Stained Glass Candles to Celebrate Advent

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I am making Advent candles again!

But this time I am sharing the adventure, with Phyllis who writes The Berg Blog, (family everyday adventures), and Household Ways ( yummy food and recipes), and All Things Beautiful (home-schooling journel). That's right - three blogs and she posts on every one nearly every day!

And she is raising four boys ages 6 to 15, three with special needs. And her daughter, who is now 19, just graduated last year.

The thing that stands out to me about Phyllis is that she has managed to make every meal, every family activity, every day a learning experience that is an extension of the current home-school lesson plan.

So, if the children are learning about Egyptian history, Egyptian foods are definitely on the menu. But she doesn't just serve Egyptian foods - she actually shares the making of the meal with the children. Her family is learning about Egyptian foods and culture and how to cook at the same time! And then she shares the lesson plan, the recipes and the children making the meal on her blogs. 

Classroom subjects, while inlcuding the normal reading, writing and math, also include medieval history, Shakespere, Greek and Latin , composer studies, Plutarch's lives and nature studies.

Spend a little time on her blog, and you come to appreciate that she is doing a remarkable job of introducing her children to cultures and learning opportunities rarely experienced by many children. Phyllis is indeed an inspired teacher and mother.

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Now - go visit  to see her contributions to our joint adventure making Advent Candles. She has included the children in the making and she has tried out several different ideas she has had over the past several months. I think you will find lots of inspiration in her "stained glass" post.

You will not believe what she did to create the "stained glass" above!  Her tutorial for this process is here.  Great kid friendly project.

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My own plans for Advent Candles went through a few adjustments before I arrived at the candles you see at the top of the post! They are not perfect and you can learn all the details in this post. All the trilas and all the fun and all the success! 

In the end, this became a very personal project as you will see.

Originally, I planned to use four tall devotional candles; however, as there were no plain ones available, I settled on the shorter version you see here. Devotional candles can be found in many super markets and in Mexican groceries. I found these at WINCO and paid $.86 for each one! They are about 3 1/2" tall.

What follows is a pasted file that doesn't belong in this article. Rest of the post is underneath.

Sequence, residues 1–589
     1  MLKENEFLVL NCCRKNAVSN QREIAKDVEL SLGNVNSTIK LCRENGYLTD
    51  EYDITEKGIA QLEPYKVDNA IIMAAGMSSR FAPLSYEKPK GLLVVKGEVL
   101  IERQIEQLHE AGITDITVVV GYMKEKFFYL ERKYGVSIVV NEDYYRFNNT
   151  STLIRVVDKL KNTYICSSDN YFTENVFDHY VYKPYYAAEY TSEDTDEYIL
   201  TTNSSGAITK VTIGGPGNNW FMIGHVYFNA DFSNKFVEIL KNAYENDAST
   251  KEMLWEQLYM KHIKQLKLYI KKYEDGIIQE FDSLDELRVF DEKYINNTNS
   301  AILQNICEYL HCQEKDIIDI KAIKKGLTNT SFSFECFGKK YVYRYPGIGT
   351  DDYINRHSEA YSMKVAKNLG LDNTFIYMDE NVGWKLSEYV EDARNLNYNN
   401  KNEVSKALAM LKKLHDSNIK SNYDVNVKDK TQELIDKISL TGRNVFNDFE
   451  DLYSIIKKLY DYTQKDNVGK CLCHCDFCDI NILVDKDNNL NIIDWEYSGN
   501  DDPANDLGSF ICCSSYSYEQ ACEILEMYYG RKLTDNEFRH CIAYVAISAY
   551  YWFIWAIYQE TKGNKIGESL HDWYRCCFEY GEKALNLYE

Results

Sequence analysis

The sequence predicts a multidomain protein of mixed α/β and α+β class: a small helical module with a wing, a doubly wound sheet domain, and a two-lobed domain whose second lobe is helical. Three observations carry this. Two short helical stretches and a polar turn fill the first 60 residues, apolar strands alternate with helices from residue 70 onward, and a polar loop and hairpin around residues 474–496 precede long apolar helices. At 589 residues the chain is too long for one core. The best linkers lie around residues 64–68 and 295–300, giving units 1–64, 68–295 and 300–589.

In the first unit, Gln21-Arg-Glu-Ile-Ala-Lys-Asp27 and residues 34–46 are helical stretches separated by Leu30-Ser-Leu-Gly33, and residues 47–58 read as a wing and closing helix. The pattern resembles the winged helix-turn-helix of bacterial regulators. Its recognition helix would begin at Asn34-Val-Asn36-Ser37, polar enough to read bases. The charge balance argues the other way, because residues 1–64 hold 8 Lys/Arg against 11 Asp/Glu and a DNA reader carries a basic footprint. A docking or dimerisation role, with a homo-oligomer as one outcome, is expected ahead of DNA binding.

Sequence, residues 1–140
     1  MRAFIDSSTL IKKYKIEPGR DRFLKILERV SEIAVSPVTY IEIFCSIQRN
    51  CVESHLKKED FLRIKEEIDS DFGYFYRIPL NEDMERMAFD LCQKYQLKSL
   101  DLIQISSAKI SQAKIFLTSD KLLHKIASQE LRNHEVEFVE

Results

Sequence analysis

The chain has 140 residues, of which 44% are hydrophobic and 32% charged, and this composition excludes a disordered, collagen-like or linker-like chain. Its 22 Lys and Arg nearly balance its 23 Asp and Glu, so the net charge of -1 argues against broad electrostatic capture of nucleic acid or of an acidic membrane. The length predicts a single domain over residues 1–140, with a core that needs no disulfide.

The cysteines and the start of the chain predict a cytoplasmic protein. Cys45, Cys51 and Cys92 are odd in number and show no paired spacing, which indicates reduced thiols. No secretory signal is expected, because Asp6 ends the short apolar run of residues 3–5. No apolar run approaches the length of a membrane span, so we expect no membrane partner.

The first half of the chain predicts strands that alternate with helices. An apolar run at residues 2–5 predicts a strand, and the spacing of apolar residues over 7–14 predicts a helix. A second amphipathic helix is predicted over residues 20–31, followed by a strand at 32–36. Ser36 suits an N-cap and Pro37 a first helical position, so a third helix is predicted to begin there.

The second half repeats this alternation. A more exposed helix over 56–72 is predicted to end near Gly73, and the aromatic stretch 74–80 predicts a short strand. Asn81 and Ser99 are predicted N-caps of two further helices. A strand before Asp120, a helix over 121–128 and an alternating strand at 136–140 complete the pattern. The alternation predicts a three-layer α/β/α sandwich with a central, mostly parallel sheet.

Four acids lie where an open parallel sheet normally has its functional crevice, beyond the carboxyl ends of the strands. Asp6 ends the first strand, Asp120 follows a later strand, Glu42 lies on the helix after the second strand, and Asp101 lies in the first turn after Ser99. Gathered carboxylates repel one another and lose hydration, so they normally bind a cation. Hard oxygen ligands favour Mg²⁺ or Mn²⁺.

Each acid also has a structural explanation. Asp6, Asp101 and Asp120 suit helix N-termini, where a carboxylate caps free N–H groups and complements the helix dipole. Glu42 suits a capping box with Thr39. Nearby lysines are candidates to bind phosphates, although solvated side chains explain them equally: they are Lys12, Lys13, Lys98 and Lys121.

In addition to the candles, you will need:

Gallery Glass Window Color by Plaid

Gallery Glass Redilead thin line instant lead

Nut pick

toothpicks (opt)

And since Plaid has provided two videos for using the Gallery Glass and Redi-lead, I will leave most of the how to up to them!

How to use Gallery Glass Redi Lead

How to use Gallery Glass Window Color

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I found that cutting the lead strips with a craft knife worked very well, and the material is flexible enough to bend into most any shape you wish.

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Leading done!

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I don't know which was more fun - applying the lead design or "coloring" it in with the Gallery Glass product.

Coloring begins with a bead of liquid color around the edges of the design.

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Then the color is blended first using the tip of the Gallery Glass container and then using the tip of a nut pick.

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The Gallery Glass appears opaque while wet.

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And becomes translucent so that light passes through it when dry - which takes about 8 hours.

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Here are two sections - one wet and one dry so you can see the difference side by side.

Be sure to check out tomorrow's post about my adventures with Gallery Glass, some tips and recommendations for working with the product.

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And now - a little about the designs and what they mean.

If you remember, last year my Advent Candles represented ideas like gratitude, appreciation and charity.

For these candles, I attempted to create little scenes that depict my favorite places to visit - the places on earth that nourish and rejuvenate my spirit.